Loading yourself down with boring or overly challenging classes can lead you to burn out very quickly. Instead, start at a pace that allows you to adjust to this new phase in your life. Take a few necessary classes, but mix them up with a subject you’ve been dying to explore, such as an art history course or a modern film lecture.

Most college students will change their major from year to year. By focusing too much on your original goals, you may find yourself in senior year and regretting not changing course. By varying up your coursework, especially early on, you’re giving yourself the freedom to let the right path come to you.

5. Get Disorganized

This one is key — one of the biggest mistakes freshman will make is getting lazy. In high school, your teachers or parents probably kept a good eye on your note taking, locker organization, or planner usage. But college is no excuse to let those great habits go.

College is so much fun, but it also can be a lot of work and effort. Stay on top by getting a great organization system. Purchase desk organizers, use a backpack with dividers, or get out that paper scheduler you relied on last year. You’ll thank yourself for it later.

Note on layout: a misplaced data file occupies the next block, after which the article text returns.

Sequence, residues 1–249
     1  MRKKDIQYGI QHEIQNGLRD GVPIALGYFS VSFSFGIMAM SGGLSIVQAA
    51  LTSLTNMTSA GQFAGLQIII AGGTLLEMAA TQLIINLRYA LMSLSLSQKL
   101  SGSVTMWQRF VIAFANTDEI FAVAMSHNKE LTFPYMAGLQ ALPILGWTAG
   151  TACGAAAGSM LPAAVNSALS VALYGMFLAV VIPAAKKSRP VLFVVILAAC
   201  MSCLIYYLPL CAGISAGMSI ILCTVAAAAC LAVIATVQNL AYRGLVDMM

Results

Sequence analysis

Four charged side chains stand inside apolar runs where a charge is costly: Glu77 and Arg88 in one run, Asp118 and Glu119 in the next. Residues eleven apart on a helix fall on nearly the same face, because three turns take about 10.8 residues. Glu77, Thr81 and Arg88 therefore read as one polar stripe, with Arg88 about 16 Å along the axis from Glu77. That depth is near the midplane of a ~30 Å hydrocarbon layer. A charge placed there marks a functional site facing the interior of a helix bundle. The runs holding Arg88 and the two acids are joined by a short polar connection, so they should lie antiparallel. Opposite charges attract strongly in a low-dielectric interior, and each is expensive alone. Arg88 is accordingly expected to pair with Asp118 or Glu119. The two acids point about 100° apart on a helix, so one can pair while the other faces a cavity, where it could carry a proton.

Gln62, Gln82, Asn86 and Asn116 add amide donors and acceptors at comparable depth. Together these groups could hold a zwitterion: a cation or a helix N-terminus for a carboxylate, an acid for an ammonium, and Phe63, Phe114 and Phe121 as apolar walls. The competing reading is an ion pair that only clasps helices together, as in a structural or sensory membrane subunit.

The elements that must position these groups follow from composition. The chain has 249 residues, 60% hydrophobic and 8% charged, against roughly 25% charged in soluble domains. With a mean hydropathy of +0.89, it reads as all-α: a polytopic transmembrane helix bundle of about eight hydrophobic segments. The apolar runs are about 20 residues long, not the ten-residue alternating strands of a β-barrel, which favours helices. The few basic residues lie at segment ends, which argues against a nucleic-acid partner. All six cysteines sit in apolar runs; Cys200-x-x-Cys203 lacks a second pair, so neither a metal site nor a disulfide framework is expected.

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8 Must Learn Time Management Skills for Freshman Year


Transitioning from high school to college can be tricky. Where the differences really add up is in your schedule and the new freedom you are allotted. Many, unfortunately, fall in the trap of not having enough personal time management skills to self-navigate. Get yourself started on the right foot by practicing these eight tips and tricks for managing your time wisely.


1.   Give Yourself 20

An evening devoted to studying one subject or working on just one project is not anyone’s cup of tea. In fact, concentrating too hard or spending so much time on a single task can lead to boredom, frustration, or even a loss of concentration. If you’re going for quality, try limiting your intense work periods to 20 minutes. During that 20 minutes, turn off any and all distractions (including your phone) and hone in on the task at hand. Once your time is up, give yourself a 5-10 minute break to let your mind recover and prepare for the next round.

2.   Cross it Off

Having a to-do list is a must during freshman year. With so much to keep track of, you’ll want to ensure you stay on top of every homework assignment and every meeting. Plus, with managing your dorm on top of your academic work, you may find yourself bogged down. However, when you can write down your actionable list, you can start to put the pieces together. The best way to write a to-do list is to first write everything you can think of down first with its due date on it. Then, order the due dates from soonest to latest (or rolling). Your new list should start with everything due immediately, then add in the most important or time consuming agenda items followed by those that can be left until the end.

3.   Utilize Technology